North York Mirror
Three months after a devastating fire caused extensive damage to North York’s historic O’Connor House, the adjacent coach house should be able to welcome students and members of the community beginning next month, the hopeful chair of the board of directors says.
The fire department is expected to carry out a final inspection of the coach house this week, Tony Wagner said. The inspection is a routine step in the restoration of the historic site, as the coach house was not affected by the fire at the O’Connor House main mansion.
Once the coach house passes the fire department’s final inspection, the city will issue a partial occupancy permit allowing the main floor and basement to be used.
The O’Connor House board and officials from the Toronto Catholic District School Board are hoping to host an open house the first week of September when school is back in session.
The coach house can then be used on weekdays by students of Senator O’Connor College School, just steps away,
The O’Connor House board can also begin using the space on evenings and weekends for community, heritage and cultural events and can permit bookings for functions. A community open house will be held some time in the fall.
Meanwhile, restoration work is continuing on the main mansion, on Rowena Drive, southwest of Victoria Park and Ellesmere Road.
Walking around the construction scaffolding outside the building last week, Wagner acknowledged he gets emotional when he catches a strong whiff of smoke, which takes him back to the day of the fire on May 9.
Construction crews were working on restoring O’Connor House, which was only two months from completion, when flames began shooting through the roof.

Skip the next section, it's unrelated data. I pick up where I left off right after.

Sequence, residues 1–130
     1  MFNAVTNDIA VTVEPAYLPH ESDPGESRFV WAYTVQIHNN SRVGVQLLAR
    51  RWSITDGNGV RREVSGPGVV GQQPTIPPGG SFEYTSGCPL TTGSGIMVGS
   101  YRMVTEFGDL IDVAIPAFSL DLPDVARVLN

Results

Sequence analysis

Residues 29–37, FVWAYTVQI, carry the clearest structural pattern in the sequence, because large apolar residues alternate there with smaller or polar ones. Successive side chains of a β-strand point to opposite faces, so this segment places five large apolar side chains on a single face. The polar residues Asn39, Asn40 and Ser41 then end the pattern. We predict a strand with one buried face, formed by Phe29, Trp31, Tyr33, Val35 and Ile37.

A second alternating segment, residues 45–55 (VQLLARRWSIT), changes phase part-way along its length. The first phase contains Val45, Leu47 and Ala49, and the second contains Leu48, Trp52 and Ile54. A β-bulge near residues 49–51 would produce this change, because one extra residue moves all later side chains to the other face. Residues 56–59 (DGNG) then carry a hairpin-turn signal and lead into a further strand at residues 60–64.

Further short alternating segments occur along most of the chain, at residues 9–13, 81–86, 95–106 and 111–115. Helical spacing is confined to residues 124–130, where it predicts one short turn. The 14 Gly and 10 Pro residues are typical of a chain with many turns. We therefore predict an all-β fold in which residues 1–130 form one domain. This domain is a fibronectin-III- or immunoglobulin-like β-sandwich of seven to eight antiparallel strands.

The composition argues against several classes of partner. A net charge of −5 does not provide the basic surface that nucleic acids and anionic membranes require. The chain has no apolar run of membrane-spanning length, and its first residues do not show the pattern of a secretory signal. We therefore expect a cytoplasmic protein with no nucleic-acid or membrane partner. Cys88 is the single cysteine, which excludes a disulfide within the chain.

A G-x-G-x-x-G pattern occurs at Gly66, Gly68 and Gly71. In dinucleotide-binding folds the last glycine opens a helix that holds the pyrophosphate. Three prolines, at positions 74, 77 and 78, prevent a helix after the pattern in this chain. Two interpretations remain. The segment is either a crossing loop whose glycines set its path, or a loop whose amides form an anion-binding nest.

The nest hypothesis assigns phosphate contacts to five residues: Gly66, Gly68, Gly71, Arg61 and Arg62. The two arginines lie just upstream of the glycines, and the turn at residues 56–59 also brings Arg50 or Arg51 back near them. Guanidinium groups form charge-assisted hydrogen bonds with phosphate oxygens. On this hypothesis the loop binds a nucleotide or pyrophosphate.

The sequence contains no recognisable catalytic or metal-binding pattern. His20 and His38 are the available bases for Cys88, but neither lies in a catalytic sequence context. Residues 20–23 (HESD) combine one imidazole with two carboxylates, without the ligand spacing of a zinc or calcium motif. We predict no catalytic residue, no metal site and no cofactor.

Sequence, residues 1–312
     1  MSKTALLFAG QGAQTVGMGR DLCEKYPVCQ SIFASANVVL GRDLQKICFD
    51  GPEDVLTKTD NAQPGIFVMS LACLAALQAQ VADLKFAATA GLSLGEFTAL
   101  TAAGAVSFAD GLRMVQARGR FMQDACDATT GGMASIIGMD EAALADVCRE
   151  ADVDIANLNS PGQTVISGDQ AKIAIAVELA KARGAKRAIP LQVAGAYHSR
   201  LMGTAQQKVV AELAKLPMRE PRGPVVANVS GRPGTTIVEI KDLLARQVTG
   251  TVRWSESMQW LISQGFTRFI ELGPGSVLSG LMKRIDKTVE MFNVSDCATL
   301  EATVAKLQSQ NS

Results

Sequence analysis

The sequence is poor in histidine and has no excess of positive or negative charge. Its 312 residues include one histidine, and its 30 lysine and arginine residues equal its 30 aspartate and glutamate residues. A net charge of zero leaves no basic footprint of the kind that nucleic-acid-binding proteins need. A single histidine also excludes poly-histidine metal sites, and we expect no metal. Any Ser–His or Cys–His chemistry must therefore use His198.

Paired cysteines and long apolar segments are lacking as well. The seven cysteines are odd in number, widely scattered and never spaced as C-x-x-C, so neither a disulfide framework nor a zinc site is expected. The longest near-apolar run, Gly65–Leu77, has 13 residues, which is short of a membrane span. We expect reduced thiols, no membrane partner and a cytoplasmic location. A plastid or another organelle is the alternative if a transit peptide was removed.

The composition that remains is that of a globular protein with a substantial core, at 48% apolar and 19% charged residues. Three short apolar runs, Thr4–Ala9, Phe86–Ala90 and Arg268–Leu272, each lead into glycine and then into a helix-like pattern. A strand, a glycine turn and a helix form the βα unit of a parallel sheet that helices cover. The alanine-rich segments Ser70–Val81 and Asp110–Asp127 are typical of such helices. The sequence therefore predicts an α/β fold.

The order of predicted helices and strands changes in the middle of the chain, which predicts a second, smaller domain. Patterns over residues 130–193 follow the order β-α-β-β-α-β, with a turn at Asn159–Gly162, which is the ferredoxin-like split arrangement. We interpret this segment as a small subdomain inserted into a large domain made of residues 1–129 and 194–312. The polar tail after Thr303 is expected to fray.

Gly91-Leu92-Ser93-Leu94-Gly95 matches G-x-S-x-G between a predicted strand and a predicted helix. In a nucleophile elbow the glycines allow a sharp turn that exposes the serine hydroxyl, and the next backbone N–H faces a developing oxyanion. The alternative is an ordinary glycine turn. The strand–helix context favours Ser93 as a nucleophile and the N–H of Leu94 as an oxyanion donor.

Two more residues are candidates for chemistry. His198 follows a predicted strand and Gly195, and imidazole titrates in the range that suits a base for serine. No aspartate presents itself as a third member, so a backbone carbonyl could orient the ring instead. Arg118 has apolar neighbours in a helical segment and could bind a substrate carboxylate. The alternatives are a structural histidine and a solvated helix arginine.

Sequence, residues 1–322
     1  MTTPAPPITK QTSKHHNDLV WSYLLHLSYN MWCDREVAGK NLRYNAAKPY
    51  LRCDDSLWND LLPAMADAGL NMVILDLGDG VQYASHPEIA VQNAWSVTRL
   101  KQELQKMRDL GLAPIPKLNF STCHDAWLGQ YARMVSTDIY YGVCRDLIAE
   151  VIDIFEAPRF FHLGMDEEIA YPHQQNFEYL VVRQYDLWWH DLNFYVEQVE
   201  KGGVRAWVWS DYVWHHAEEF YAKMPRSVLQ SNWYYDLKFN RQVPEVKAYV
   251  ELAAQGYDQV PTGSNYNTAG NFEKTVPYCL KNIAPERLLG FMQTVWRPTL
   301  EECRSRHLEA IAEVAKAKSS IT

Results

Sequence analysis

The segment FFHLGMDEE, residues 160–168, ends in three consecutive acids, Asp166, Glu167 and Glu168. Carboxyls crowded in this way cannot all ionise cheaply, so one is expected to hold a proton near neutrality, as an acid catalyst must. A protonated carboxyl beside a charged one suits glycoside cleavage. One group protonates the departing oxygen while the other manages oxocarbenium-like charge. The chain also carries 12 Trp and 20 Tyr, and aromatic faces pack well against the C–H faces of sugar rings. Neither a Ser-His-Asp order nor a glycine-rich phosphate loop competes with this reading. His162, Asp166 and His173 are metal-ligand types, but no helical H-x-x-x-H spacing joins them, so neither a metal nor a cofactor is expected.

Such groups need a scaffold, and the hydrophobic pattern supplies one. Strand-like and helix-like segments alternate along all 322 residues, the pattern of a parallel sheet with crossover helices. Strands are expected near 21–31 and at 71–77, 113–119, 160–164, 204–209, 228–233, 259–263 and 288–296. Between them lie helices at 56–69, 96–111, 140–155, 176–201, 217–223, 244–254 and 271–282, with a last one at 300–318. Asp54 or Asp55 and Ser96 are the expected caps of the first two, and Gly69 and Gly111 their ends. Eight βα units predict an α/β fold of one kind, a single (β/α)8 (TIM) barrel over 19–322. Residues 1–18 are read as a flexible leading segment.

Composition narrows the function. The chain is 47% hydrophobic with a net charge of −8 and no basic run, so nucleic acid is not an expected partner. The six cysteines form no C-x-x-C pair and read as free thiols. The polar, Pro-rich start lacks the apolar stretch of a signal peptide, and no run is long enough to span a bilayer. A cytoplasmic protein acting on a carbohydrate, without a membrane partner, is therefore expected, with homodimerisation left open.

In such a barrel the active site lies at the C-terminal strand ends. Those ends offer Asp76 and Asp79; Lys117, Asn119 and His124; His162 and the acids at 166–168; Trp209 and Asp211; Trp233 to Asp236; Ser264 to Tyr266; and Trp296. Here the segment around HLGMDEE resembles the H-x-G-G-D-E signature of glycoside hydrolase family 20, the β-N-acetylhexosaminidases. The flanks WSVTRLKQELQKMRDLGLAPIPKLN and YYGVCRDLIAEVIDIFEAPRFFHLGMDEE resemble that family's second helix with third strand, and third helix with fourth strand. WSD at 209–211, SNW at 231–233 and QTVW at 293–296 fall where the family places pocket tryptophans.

While the fire didn’t appear serious at first, soon flames were climbing 30 feet into the air.
“Certainly, we’re all devastated,” Wagner said at the time. “When the flames came out, I admit I started to cry.”
Initially, Wagner was worried the building would be condemned, but is ecstatic renovations have been able to continue on what is a labour of love for dozens in the community. They have worked for years to save the historic home from the wrecker’s ball.
“Our mission and objective remain to...open O’Connor House for the community, for the school, for cultural events. We will push through this,” Wagner vowed at the time of the fire.
He also jokingly suggested the ghost of philanthropist Senator Frank O’Connor, a politician and businessman who died in the house in 1939, would help preserve the site.
Last week, Wagner said he still feels O’Connor’s spirit is playing a role in saving the building.
“I don’t want to be corny but at the time (of the fire), I said Frank O’Connor is still here. I still feel that,” he said, praising the level of co-operation between the O’Connor House board, school board officials, staff from the city’s preservation services, the architect and contractors.
“I still am (emotional). As chair of the board of directors, I want to instill confidence our mission is preserved. We will fight the fight to bring it to life.”
Wagner is hoping the main mansion can open sometime during the first few months of 2013, which will dovetail with the 50th anniversary of the school.
While he is thrilled the building has been saved, Wagner said there have been many challenges to overcome, including extensive smoke damage.
“I was inside two weeks ago and in the attic. It was just horrific,” he said.
“To see the damage, I couldn’t take it...It was overwhelming, the smell (of smoke).”
There was also severe water damage as a result of the fire. Firefighters had to punch holes in the 1930s plaster walls to prevent the fire from spreading. When insulation inside the walls got soaked, mould began to grow, Wagner said.
Meanwhile, Wagner said the city should soon be issuing a fire restoration permit that will allow the roof to be replaced, although it may be repaired. Also, crews are trying to save historic crown moulding. They are also installing an elevator.
He estimated the fire caused between $500,000 and $1 million damage, adding insurance issues are being handled by the school board and construction contractors.
Rebuilding after the fire is not the first time O’Connor House has been saved. Twice in 2009, the school board asked North York councillors to approve a demolition permit, arguing the cash-strapped board couldn’t afford to maintain the property.
Councillors denied the requests and community activists continued with plans to save the site.